Although the Mobiliti framework uses a stateless model between network transactions, you can store self-managed data in a session cache that Mobiliti will maintain for you when using server based content handlers.  The data is contained in a HashMap and is stored in the servlet’s session cache allowing you to retain some data state between interactions with the mobile device.  To use it, issue a getSessionCache() request from your content handler program to retrieve or update the cache contents.

Database Handlers

A powerful feature of Mobiliti is the use of Java Persistence API (JPA) for content that is stored in a relational database.  Using JPA is a very declarative way to describe database entities and to access tables.  It uses Java annotations for very high level control with minimal code.

Mobiliti uses the popular open source Hibernate framework for its JPA implementation.  If your content handler is a database type, then it doesn’t require much or any code.  All data access calls will be transparently sent to Hibernate and will use JPA.  You must create individual JPA program modules though that match each of your database tables and correspond to the content schemas configured for your application.  Mobiliti will look for these modules in the “/entities” directory where your content handler program was found.

You must define the JPA fields and getter/setter methods to match the entity schema attribute names exactly.

Sample entity schema

<?xml version=’1.0′ encoding=’ISO-8859-1′?>

<entity name=’Customers’>

<IDs><ID name=’CustomerNumber’ /></IDs>

. . .


<attribute name=’CustomerName’ type=’Text’ length=’50’ required=’true’ label=”Name” />

<attribute name=’ContactLastName’ type=’Text’ length=’50’ required=’true’ />

<attribute name=’ContactFirstName’ type=’Text’ length=’50’ required=’true’ />

<attribute name=’Phone’ type=’Phone’ length=’50’ required=’true’ />

<attribute name=’AddressLine1′ type=’Text’ length=’50’ required=’true’ />

<attribute name=’AddressLine2′ type=’Text’ length=’50’ />

<attribute name=’City’ type=’Text’ length=’50’ required=’true’ />

<attribute name=’State’ type=’Text’ length=’50’ />

<attribute name=’PostalCode’ type=’Text’ length=’15’ />

<attribute name=’Country’ type=’Text’ length=’50’ required=’true’ />

<attribute name=’SalesRepEmployeeNumber’ type=’Textnumeric’ length=’11’ />

<attribute name=’CreditLimit’ type=’Currency’ length=’22’ />

<attribute name=’CustomerNumber’ type=’Textnumeric’ length=’11’ />

<attribute name=’Address’ type=’Address’ length=’50’ />


. . .



Sample JPA program



public class Customers {

private static final long serialVersionUID = 1L;

// primary keys


@GeneratedValue(strategy = GenerationType.AUTO)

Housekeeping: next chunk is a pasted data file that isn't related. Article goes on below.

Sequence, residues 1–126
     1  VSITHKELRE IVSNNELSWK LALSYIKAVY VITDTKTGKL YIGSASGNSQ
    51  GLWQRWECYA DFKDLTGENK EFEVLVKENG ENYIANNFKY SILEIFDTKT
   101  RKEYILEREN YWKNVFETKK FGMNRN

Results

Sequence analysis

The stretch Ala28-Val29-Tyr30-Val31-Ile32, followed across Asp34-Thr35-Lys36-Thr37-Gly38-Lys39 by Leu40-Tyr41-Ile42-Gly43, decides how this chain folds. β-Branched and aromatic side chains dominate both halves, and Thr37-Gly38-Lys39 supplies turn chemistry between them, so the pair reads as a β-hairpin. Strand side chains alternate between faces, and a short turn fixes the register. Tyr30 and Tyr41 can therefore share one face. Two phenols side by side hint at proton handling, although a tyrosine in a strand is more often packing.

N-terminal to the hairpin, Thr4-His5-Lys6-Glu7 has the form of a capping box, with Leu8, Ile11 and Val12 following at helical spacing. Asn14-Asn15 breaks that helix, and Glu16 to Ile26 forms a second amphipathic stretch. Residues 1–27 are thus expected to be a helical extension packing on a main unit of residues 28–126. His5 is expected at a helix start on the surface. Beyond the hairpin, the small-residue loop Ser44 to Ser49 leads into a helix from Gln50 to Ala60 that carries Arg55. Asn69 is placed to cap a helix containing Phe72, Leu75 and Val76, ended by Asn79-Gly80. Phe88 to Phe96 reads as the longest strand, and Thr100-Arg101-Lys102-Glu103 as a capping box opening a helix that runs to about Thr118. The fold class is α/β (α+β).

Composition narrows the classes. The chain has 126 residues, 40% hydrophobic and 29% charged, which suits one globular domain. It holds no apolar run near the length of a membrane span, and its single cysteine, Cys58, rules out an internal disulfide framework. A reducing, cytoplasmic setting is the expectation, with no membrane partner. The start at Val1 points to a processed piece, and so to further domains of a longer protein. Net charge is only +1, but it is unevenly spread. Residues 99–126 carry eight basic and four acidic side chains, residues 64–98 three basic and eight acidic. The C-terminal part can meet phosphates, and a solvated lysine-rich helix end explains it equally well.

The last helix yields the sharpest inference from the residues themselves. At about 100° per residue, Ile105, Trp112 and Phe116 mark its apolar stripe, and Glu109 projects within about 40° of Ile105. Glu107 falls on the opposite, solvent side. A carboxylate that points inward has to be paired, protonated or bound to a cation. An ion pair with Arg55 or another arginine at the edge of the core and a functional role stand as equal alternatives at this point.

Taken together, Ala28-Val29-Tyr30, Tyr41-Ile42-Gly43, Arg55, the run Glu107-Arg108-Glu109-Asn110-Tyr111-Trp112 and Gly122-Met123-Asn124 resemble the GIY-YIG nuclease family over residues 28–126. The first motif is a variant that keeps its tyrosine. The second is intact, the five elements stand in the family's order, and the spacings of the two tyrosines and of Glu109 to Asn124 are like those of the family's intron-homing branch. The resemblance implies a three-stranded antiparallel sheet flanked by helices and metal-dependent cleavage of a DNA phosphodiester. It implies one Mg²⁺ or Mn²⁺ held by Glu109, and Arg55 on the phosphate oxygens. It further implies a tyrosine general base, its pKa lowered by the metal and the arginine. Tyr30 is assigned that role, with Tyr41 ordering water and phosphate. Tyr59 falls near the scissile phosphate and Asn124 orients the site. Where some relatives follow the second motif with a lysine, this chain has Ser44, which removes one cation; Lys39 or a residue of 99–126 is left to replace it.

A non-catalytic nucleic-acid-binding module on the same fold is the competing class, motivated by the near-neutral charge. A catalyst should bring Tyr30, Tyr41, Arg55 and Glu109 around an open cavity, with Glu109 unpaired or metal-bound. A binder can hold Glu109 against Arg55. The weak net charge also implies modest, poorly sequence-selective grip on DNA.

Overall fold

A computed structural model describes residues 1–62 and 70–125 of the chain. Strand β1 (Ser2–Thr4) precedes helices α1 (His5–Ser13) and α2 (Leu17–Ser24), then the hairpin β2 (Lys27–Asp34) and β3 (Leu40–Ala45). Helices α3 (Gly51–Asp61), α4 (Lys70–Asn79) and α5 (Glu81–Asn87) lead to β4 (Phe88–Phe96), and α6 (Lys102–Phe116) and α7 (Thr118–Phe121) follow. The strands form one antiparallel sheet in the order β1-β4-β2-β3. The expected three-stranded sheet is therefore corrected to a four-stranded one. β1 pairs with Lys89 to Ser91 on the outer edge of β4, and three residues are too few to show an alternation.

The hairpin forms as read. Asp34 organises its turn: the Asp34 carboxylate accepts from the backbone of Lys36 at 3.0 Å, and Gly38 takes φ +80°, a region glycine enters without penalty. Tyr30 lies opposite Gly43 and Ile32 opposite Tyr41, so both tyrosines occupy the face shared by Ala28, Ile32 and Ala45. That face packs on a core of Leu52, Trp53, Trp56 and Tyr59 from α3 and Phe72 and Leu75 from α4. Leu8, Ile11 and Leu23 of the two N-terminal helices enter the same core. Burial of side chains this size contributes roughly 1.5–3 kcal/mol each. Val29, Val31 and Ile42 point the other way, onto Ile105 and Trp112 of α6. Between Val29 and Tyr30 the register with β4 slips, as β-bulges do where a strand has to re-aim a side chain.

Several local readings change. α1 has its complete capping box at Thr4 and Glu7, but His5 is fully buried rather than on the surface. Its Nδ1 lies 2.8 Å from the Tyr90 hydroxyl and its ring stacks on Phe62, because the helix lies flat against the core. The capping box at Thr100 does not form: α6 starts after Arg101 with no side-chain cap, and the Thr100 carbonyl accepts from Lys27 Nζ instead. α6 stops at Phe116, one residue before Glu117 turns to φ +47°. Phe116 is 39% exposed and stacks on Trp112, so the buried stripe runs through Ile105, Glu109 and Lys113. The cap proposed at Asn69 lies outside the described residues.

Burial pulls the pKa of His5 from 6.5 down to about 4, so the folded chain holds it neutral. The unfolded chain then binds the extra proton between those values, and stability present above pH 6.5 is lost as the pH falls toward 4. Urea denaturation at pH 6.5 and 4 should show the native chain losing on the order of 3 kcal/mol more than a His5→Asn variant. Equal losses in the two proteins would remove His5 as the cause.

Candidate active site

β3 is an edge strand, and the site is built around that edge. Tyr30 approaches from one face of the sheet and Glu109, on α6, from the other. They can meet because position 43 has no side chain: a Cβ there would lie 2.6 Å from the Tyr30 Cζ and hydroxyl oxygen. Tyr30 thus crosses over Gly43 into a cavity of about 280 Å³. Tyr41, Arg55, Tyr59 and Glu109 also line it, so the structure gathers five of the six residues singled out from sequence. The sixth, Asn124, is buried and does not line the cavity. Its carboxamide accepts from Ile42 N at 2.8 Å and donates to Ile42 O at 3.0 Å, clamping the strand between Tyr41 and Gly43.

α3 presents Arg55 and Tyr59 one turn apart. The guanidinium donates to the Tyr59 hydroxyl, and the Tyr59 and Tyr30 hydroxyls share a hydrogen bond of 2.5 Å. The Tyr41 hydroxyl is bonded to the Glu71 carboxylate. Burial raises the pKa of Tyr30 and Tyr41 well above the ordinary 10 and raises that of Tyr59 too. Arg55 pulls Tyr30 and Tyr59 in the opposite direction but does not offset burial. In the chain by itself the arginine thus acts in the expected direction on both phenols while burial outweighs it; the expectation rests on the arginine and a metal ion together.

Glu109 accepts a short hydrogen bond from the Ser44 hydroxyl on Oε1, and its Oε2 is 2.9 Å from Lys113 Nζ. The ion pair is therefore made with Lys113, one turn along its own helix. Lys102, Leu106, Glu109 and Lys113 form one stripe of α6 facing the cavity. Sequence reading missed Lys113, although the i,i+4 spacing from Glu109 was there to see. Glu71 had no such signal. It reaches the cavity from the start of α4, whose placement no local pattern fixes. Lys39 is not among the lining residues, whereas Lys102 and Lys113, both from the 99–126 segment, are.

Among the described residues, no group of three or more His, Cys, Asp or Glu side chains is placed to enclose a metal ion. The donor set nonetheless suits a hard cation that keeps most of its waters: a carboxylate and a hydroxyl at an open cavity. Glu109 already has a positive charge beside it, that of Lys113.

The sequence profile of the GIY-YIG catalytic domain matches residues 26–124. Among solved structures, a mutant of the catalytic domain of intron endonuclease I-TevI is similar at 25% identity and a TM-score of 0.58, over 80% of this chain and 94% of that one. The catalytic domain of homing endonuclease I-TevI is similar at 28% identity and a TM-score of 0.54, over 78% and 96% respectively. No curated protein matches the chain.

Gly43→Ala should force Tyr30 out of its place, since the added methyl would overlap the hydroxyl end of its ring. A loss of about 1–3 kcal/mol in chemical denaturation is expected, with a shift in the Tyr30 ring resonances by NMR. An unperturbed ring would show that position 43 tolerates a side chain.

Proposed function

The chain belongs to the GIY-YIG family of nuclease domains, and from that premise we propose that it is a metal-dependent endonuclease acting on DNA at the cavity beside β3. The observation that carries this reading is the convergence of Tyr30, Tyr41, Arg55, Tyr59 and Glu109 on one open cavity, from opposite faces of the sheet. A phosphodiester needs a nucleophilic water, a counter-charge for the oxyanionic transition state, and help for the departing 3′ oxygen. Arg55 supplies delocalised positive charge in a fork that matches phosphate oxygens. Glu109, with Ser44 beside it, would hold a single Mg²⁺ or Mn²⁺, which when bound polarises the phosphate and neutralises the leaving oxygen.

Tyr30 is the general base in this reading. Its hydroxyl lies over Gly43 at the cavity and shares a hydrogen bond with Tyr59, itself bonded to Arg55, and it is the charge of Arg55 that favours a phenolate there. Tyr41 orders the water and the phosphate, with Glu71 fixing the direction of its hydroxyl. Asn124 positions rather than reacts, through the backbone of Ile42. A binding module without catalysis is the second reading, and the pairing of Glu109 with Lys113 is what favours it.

private Integer CustomerNumber;

public Integer getCustomerNumber() {return CustomerNumber;}

public void setCustomerNumber(Integer value) {CustomerNumber = value;}

// columns


private String CustomerName;

public String getCustomerName() {return CustomerName;}

public void setCustomerName(String value) {CustomerName = value;}


private String ContactLastName;

public String getContactLastName() {return ContactLastName;}

public void setContactLastName(String value) {ContactLastName = value;}


private String ContactFirstName;

public String getContactFirstName() {return ContactFirstName;}

public void setContactFirstName(String value) {ContactFirstName = value;}


private String Phone;

public String getPhone() {return Phone;}

public void setPhone(String value) {Phone = value;}


private String AddressLine1;

public String getAddressLine1() {return AddressLine1;}

public void setAddressLine1(String value) {AddressLine1 = value;}


private String AddressLine2;

public String getAddressLine2() {return AddressLine2;}

public void setAddressLine2(String value) {AddressLine2 = value;}


private String City;

public String getCity() {return City;}

public void setCity(String value) {City = value;}


private String State;

public String getState() {return State;}

public void setState(String value) {State = value;}


private String PostalCode;

public String getPostalCode() {return PostalCode;}

public void setPostalCode(String value) {PostalCode = value;}


private String Country;

public String getCountry() {return Country;}

public void setCountry(String value) {Country = value;}


private Integer SalesRepEmployeeNumber;

public Integer getSalesRepEmployeeNumber() {return SalesRepEmployeeNumber;}

public void setSalesRepEmployeeNumber(Integer value) {SalesRepEmployeeNumber = value;}


private Integer CreditLimit;

public Integer getCreditLimit() {return CreditLimit;}

public void setCreditLimit(Integer value) {CreditLimit = value;}


public String getAddress() {

StringBuilder addr = new StringBuilder();

if (AddressLine1 != null && AddressLine1.trim().length() > 0) {

addr.append(AddressLine1.trim()).append(“, “);


if (AddressLine2 != null && AddressLine2.trim().length() > 0) {

addr.append(AddressLine2.trim()).append(“, “);


if (City != null && City.trim().length() > 0) {



if (State != null && State.trim().length() > 0) {

addr.append(“, “).append(State.trim());


if (PostalCode != null && PostalCode.trim().length() > 0) {

addr.append(“, “).append(PostalCode.trim());


if (Country != null && Country.trim().length() > 0) {

addr.append(“, “).append(Country.trim());


return addr.toString();